Dev Diary #27 – Technology
Welcome back to another Victoria 3 development diary! Today we will talk about something we’ve already had to touch on in numerous previous dev diaries, as it is a topic crucial to every part of the game: Technology.
The Victorian era saw revolutionary progress in three major areas: industry, military, and politics. The rise of automation and free enterprise brought about the promise of immense material wealth for anyone willing and able to put in the work. Military technology – on land, at sea, and eventually even in the air – progressed so rapidly it could render a nation’s centuries-old doctrines obsolete overnight. And along with these material changes came a fundamental reorganisation of the societies themselves – sometimes by redistributing power from the ancient noble regimes to benefit the common people, and at other times by reigning such democracies in through entirely novel power structures made up of bureaucrats, business magnates, or populist autocratic strongmen.
These three revolutions are represented in Victoria 3 through three distinct tech trees: Production, Military, and Society. Within each tree, the many technologies your country will discover through each game are organised such that each tech both requires one or several others and leads to one or several others. Modders might be interested to know that each tree automatically rebuilds and reorganises itself whenever changes are made, to make it pain-free to add, remove, or change the tech trees without having to tinker with tree layout or static image files.
To research Shaft Mining, which permits the construction of mining industries, you need both Enclosure (which permits private ownership of land) and Manufactories (which lets you establish basic industries that make finished products). Shaft Mining itself leads to Prospecting (which increases your chance of discovering new resources), Steelworking (which lets you build Steel Mills), and the Atmospheric Engine, a building-sized early steam engine employed to pump water out of mine shafts. Industrialised countries start the game with most or all of these technologies.
Production technologies are all about increasing your economic capacity in various ways. These tend to be very concrete inventions, such as Cotton Gin which increases the output of Cotton Plantations and Dynamite which can be employed for increased yields in all kinds of Mines. On some occasions they are more abstract, such as Enclosure which is a prerequisite for construction of modern, privately owned farms and ranches or Shift Work which more effectively utilises labor in your manufacturing industries. Production technologies also include advances to Railways, and some even unlock Goods unknown at the start of the game such as Rubber, Electricity, and Automobiles.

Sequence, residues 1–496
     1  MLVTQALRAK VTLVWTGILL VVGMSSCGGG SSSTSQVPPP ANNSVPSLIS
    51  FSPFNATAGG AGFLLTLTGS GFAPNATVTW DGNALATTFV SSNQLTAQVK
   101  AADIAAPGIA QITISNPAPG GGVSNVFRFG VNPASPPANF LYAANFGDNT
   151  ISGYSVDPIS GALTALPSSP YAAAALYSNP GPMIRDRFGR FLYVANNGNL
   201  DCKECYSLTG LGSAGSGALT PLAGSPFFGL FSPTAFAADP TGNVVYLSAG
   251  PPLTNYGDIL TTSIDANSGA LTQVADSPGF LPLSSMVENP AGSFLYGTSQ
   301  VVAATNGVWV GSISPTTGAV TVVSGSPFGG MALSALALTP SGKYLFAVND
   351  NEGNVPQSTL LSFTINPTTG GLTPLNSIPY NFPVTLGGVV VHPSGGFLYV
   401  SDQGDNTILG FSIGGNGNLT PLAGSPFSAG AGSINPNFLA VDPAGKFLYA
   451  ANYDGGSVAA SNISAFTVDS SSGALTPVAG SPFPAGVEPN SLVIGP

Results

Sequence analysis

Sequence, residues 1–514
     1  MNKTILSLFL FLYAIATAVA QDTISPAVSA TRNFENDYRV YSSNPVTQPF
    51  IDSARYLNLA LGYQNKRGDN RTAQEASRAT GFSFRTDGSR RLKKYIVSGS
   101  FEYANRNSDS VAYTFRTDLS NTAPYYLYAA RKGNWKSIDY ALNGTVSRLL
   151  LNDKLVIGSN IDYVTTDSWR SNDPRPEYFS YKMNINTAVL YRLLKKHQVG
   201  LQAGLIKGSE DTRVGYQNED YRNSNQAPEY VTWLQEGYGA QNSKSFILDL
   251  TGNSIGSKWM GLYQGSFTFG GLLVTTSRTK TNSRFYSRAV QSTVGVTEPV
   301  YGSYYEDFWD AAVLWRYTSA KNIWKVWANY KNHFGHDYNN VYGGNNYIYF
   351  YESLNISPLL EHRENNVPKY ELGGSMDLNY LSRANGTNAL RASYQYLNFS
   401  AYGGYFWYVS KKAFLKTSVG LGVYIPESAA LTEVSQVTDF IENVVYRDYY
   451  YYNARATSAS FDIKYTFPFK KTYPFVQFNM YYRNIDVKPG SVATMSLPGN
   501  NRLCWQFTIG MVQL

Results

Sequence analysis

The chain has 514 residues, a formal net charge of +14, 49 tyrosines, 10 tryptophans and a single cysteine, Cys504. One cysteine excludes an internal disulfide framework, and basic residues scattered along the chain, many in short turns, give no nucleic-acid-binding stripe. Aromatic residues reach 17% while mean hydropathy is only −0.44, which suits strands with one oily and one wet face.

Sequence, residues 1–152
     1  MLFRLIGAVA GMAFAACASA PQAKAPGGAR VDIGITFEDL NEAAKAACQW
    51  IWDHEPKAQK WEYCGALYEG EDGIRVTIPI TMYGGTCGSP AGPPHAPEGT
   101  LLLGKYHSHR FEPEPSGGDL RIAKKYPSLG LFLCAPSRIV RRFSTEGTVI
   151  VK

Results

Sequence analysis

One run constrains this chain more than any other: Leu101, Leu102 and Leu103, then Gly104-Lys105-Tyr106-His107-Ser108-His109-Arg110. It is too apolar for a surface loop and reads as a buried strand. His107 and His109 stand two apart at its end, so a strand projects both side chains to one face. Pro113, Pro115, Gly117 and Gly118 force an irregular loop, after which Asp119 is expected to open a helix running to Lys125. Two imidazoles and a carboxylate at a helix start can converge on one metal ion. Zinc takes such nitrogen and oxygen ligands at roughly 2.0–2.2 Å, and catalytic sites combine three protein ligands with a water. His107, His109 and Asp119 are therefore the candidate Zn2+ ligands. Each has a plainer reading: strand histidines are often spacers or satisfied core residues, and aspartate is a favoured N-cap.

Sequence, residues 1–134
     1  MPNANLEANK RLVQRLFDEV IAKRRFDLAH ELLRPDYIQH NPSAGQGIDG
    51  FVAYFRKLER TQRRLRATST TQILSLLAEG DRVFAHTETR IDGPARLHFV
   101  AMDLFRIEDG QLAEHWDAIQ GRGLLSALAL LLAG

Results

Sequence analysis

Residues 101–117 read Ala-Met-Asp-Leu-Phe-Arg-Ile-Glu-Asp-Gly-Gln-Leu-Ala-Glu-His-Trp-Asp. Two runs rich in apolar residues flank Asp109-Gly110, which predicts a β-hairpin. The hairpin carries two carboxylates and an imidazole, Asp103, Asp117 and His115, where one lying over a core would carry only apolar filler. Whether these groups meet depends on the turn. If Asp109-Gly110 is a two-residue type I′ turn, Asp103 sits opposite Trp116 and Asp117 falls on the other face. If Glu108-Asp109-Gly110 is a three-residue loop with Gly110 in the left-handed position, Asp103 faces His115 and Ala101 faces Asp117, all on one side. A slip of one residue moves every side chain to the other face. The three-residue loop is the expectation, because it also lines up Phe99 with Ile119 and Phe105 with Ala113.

Military technologies improve your army and navy. These consist of a mix of new weapon technologies, doctrines, and ways of organising your Servicemen and Officers. Rifling lets you switch Production Methods from Muskets to Rifles in your Arms Industries, increasing their Small Arms production. Trench Infantry, once employed in your Barracks, organises your Battalions for trench warfare, which requires greater access to Small Arms but establishes a more reliable supply of manpower and causes fewer provinces to be lost when territory must be yielded to the enemy. The naval part of the tree is mostly dedicated to the invention of new ship types, but also includes a few new naval strategies that unlock or improve the effectiveness of certain naval Orders as well as upgrades to civilian Ports to improve your Supply Network and trade capacity.
Society technologies are all about new ideas for organising society. These include ideas pertaining to politics, finance, and diplomacy to name a few. Democracy permits the enactment of various voting franchise Laws as well as Republican principles of governing. Pan-Nationalism is a requirement for forming certain larger countries, and leads to Political Agitation which both makes your population more politically active and also gives you more Authority to deal with them. Several political ideas in this tree also unlocks specific Ideologies which may appear from that point on alongside new Interest Group Leaders and shake up the political landscape you had so carefully tuned, such as Feminism and Anarchism. Just as techs in the Production tree often unlock Production Methods, Society techs often unlock Laws – or Ideologies that can lend support for Laws previously thought utterly absurd by the political establishment.
In addition, Society technologies include improvements to your country’s financial system, such as Central Banking which increases your capacity for minting new currency and unlocks the Diplomatic Actions to Bankroll a country or Take on their Debt, as well as new forms of Institutions like Central Archives that unlock the Secret Police Law / Institution and leads to Identification Documents.